Dimmu Borgir - _In Sorte Diaboli_
(Nuclear Blast, 2007)
by: Kostas Sarampalis (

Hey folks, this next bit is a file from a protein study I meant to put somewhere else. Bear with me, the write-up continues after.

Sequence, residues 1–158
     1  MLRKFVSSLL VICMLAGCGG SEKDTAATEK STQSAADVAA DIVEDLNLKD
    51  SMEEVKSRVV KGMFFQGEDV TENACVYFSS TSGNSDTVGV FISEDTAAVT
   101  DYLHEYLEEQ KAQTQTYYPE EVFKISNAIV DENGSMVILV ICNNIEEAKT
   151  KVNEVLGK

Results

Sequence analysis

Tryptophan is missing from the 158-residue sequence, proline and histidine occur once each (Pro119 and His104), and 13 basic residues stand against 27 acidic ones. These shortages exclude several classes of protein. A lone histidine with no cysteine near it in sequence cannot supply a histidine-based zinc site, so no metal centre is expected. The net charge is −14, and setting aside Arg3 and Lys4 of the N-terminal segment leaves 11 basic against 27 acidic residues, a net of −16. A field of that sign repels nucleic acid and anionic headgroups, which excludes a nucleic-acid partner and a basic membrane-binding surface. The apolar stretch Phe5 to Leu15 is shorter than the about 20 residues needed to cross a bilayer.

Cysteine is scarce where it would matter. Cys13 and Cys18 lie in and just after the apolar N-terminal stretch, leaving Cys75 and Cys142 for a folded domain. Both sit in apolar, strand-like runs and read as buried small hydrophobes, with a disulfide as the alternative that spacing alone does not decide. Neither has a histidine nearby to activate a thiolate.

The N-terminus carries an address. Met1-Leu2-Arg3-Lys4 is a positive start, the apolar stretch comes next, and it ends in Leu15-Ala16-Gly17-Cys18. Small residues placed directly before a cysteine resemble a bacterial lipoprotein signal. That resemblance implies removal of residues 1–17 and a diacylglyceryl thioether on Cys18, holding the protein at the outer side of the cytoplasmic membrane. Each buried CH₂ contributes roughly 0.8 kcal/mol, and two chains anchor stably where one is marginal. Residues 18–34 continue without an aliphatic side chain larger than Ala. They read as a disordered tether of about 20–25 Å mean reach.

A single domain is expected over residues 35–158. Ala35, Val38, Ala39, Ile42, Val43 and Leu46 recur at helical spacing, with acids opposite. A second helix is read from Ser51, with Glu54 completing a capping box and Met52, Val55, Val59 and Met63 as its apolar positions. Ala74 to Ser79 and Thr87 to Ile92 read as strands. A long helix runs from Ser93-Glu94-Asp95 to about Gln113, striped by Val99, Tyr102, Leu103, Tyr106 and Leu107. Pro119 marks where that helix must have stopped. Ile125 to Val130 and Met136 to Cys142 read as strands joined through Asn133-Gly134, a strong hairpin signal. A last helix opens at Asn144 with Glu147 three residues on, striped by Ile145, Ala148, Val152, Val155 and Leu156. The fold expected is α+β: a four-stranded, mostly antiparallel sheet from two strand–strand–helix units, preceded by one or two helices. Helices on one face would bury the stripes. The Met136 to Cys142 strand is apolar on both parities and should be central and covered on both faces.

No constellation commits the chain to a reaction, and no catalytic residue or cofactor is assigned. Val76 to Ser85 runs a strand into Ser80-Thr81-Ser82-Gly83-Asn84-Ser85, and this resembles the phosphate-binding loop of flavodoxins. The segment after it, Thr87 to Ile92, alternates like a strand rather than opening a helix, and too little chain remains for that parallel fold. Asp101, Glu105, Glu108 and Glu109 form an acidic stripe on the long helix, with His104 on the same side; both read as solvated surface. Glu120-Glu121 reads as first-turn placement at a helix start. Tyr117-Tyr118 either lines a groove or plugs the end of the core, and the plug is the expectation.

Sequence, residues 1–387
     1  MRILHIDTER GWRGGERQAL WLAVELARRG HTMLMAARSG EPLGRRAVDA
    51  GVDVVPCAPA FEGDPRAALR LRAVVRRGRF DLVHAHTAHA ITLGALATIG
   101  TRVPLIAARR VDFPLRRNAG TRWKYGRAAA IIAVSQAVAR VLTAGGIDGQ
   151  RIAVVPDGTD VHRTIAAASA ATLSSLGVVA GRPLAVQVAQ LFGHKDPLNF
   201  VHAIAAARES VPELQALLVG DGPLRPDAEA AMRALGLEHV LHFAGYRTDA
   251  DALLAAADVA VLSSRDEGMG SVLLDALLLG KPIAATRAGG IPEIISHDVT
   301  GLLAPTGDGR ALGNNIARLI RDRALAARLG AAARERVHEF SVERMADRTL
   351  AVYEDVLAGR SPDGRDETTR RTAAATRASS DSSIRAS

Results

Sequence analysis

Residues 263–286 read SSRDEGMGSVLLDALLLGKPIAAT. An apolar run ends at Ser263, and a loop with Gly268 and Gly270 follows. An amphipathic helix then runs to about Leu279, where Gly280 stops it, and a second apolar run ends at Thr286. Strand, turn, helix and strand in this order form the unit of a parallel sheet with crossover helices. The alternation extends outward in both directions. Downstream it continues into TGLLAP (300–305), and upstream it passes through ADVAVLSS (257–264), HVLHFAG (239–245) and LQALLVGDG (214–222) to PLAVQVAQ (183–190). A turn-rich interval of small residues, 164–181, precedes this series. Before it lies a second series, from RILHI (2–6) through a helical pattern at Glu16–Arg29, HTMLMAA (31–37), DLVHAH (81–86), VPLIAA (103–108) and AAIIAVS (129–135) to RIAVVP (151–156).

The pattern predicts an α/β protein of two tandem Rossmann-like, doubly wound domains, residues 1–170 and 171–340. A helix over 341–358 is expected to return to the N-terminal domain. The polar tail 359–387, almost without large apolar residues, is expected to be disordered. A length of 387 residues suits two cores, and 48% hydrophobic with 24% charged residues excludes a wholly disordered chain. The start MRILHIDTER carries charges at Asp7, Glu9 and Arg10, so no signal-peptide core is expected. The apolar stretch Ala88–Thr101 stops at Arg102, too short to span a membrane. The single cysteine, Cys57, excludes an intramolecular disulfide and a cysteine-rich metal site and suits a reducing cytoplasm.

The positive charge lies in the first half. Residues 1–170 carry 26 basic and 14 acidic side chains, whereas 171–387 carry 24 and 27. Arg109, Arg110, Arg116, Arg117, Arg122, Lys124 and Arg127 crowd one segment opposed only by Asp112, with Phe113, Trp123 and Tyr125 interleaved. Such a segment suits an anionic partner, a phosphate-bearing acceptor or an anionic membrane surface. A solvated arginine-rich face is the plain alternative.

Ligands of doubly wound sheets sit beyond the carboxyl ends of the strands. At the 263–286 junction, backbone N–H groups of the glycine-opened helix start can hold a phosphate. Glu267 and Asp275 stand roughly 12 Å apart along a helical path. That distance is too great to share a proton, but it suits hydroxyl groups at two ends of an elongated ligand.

I have been stewing on this one for over a month now. For me, Dimmu Borgir has been an on/off band. Some of their releases were very good, some not so much. With this band, I tend to favour songs rather than albums, and generally I find their releases to suffer considerably with age. Yet they have single-handedly managed to progress the black metal genre considerably and make it more popular and widespread in the not so underground circles. Probably for the above two reasons, Dimmu Borgir have been controversial and always under polarised audiences.Musically, the new album is closer to _Spiritual Black Dimensions_ than any of their previous efforts. The keyboards and orchestrations have been toned down considerably, and the drums have returned to a less frantic pace and are definitely less prominent in the mix. Personally I liked Barker's inhuman and in your face drumming in the last couple of Dimmu releases, if only because it made the album a bit more interesting. Stylistically, it also reminds me quite a lot of early Covenant. "The Invaluable Darkness" could easily have been lifted from _Nexus Polaris_, for example. _In Sorte Diaboli_ is also a concept album, dealing with (gasp) religious and (anti-)Christian sentiments and story arcs. Nothing to really perk your interest, and I would rather bands created "concept" albums when they actually had something different to say -- or at least structure the music, lyrics and tracks in such a way that at least tries to convey a concept.With their ever rotating doors, the only creative members have dwindled down to the core duo of Shagrath and Silenoz. Surprisingly, they manage to pull out probably the band's most coherent and tight album for some time now. Hellhammer takes over the drums from Barker, and the difference in style is glaringly obvious -- for better or worse. He is a great drummer, but could we have a bit more variety from band to band, please? ICS Vortex is once again terribly underused in the clean vocals department, but at least he is still here, as his contribution is more than welcome in light of milder orchestration and fewer choir intersections.Not many tracks stand out, but I could mention "The Sinister Awakening" for the great riffs and intriguing violin as well as the calm and oriental sounding "The Fallen Arises", breaking the pace halfway through the album. _In Sorte Diaboli_ -does- grow on you with repeated listens, which I found rather surprising. Indeed, with the first ten or so spins, I was ready to shrug the album off; but then it clicked a bit more with me, even to the point of appreciating it for what it offers. I am curious as to how well this one will age and how often I will pick it up to willingly sit through and enjoy it. If you have always been a fan, there is nothing I could say to change your opinion; for the cautious amongst you, I would recommend a few spins to make up your own mind.
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